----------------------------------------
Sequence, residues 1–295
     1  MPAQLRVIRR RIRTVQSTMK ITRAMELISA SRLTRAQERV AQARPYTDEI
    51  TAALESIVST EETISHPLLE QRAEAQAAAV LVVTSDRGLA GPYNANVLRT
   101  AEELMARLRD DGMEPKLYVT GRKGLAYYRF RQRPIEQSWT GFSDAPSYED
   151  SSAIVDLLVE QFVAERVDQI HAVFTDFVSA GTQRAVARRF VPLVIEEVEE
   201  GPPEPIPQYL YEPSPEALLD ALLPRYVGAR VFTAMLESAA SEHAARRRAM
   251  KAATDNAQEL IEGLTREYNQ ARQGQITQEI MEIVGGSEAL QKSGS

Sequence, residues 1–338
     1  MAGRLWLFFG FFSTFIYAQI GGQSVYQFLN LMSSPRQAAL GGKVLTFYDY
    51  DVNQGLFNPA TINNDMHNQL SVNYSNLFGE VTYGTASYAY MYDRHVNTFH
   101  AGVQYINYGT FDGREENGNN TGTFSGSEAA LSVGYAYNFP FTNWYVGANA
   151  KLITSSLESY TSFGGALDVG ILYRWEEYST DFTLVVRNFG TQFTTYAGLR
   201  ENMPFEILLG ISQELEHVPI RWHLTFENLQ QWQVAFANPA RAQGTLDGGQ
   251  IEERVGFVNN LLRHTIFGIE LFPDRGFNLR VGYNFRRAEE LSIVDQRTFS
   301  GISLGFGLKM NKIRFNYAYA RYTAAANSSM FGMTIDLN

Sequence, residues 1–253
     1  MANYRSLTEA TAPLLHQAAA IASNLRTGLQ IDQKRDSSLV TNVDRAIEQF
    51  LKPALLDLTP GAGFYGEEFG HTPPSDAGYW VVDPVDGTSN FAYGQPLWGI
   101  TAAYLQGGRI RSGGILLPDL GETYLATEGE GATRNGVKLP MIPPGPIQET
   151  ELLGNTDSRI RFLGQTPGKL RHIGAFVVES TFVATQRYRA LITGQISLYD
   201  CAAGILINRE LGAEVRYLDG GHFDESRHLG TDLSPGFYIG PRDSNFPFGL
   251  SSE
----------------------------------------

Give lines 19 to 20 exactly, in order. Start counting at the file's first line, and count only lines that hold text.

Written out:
   101  TAAYLQGGRI RSGGILLPDL GETYLATEGE GATRNGVKLP MIPPGPIQET
   151  ELLGNTDSRI RFLGQTPGKL RHIGAFVVES TFVATQRYRA LITGQISLYD